"Tomb Raider" Finds Its Lara Croft in "Ex Machina's" Alicia Vikander
Video Games, Film
Yen Press launched its iPad app this week, and it’s a thing of beauty—which is good, because it’s also expensive.
The app itself is free, of course, but the books will cost ya: Single volumes are priced at $8.99 each, which is less than the list price of $12.99 for print volumes but pretty close to the actual price most people pay for print—in fact, the print edition of vol. 1 of Maximum Ride is going for less than that on Amazon.com right now.
Let’s talk look and feel first: Yen Press feels deluxe. It opens up to a gorgeous full-color page from Maximum Ride. The catalog page is less cluttered than most, with three featured books framed in black at the top and six more in catalog listings below, with no distracting animation or scrolling. Touch any part of a catalog listing and a frame pops up with complete information. But here’s the nicest part: Touch the preview button and you immediately get a full-page preview, not the smaller images that other app developers provide in their catalogs. Everything loads quickly, so the whole thing works like a dream. The Yen folks didn’t use the comiXology or iVerse platform, like most other publishers, but they did a great job.
The selection leaves something to be desired, though: Every book in the opening catalog is American, and four are based on existing properties: Maximum Ride and Daniel X, both based on James Patterson novels, and The Clique and Gossip Girl, both from the YA novel factory Alloy. The other books are Svetlana Chmakova’s Nightschool, James Burk’s Gabby and Gator, and Jason Kruse’s World of Quest. The latter two are pitched at very young readers, while the others are definitely teen books. They are all good, solid graphic novels—even The Clique, which I read in its paper edition, isn’t as awful as you might think, and Nightschool and the Patterson books have gotten good reviews.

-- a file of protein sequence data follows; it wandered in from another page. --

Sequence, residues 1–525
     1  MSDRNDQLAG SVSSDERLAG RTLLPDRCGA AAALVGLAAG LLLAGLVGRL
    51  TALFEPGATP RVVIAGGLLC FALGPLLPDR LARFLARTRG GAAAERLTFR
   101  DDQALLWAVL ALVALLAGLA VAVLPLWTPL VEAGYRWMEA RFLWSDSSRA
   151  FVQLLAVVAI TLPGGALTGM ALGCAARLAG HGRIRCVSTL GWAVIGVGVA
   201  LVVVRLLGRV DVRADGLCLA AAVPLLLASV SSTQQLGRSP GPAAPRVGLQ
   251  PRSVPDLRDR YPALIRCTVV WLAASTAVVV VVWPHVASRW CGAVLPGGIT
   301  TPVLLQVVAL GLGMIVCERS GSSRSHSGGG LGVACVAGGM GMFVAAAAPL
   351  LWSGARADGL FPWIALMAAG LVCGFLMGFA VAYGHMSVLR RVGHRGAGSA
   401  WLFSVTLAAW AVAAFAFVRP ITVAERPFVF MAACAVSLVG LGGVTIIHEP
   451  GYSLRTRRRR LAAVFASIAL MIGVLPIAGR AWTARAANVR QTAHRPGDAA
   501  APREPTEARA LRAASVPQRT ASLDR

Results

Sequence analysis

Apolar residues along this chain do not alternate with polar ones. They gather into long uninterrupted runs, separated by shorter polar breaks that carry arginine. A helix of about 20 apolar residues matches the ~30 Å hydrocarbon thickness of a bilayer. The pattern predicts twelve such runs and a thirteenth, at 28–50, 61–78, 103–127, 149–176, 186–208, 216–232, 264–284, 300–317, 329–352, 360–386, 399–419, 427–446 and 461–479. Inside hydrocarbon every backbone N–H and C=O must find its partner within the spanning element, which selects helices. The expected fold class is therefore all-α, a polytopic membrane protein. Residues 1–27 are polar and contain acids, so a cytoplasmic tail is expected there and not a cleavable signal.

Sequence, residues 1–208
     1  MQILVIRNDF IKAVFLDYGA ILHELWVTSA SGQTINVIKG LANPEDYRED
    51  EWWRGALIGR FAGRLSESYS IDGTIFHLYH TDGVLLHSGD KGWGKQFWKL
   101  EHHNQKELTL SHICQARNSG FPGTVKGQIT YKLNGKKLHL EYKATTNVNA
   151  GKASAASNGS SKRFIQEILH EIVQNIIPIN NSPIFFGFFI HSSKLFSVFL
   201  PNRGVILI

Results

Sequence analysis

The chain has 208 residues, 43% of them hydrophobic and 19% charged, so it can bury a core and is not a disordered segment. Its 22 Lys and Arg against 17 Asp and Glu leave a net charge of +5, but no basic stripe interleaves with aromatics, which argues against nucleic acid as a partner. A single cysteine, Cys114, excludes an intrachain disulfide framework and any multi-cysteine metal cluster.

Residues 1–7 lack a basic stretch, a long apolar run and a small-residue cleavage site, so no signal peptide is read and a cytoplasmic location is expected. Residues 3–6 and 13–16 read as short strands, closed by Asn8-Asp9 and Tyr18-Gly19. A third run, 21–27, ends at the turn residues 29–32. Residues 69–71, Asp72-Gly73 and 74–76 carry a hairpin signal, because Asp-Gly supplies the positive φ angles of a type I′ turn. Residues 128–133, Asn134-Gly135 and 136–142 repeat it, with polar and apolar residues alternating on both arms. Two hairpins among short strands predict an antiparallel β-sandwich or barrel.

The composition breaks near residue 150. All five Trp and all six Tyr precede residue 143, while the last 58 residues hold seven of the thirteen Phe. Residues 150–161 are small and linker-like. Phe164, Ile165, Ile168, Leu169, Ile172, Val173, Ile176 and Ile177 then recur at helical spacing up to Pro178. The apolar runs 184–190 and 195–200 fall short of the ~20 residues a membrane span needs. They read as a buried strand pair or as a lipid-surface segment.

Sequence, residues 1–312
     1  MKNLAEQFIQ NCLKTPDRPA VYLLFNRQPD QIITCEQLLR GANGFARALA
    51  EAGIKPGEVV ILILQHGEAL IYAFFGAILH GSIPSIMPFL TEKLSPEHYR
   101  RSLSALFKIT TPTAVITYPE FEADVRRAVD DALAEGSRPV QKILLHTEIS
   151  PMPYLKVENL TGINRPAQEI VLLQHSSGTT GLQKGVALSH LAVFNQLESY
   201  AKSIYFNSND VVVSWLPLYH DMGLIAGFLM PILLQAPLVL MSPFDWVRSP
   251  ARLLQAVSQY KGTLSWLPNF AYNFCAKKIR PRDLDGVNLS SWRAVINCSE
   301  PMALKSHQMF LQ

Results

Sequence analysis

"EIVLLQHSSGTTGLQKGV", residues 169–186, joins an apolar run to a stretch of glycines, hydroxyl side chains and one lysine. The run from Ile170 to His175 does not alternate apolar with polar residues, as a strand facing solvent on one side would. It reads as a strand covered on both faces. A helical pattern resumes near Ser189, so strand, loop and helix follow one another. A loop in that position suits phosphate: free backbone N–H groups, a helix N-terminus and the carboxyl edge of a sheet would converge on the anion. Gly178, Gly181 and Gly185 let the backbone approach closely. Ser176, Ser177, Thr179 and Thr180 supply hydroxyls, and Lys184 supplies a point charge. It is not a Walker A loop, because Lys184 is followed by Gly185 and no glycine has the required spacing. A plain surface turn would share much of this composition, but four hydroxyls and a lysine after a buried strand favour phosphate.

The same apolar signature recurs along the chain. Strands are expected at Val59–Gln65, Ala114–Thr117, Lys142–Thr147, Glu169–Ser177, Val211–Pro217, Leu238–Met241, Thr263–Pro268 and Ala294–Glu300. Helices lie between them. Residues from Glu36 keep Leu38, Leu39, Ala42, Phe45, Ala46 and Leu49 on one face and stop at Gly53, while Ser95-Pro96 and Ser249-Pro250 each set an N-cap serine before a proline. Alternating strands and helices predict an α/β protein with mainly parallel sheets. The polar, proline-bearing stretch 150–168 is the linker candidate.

What’s missing, though, is anything from Japan or Korea. Black Butler, perhaps Yen’s best selling series, isn’t on the app—although it is available for $5.99 a volume from Square Enix’s online manga site. Time and Again, a manhwa (Korean comic) that just made YALSA’s Great Graphic Novels for Teens list, is also not there. Yotsuba&!, which would be a natural fit with the kid- and teen-friendly books in the app? Absent. Yen has a solid lineup of manga and manhwa including cult favorites like The Melancholy of Haruhi Suzumiya and Higurashi When They Cry, and none of them are available—well, yet.
The problem, of course, is that the target audience, teens and tweens, isn’t going to spend $8.99 per volume. Higurashi and Haruhi fans are older and might have the money, but tweens don’t, and their parents are likely to balk at the cost. As for the kids’ books, they are great, but since they are buried in the app, only publishers who know that “Yen Press” exists will be able to find them for their kids. I know comiXology and iVerse are both working on kids’ comics apps; that would be the place for those books.
Still, Yen has done something no other manga publisher has managed to do—they eliminated their licensed manga from bootleg iPad/iPhone apps. I searched several popular manga apps and could find only a sprinkling of their books, although you can still find them online if you know the right combination of keywords to Google. Poor but tech-savvy teens will continue to do this.
Bottom line: This is a great, well designed manga reader that runs smooth as silk, but the high prices may keep the books away from their target audience.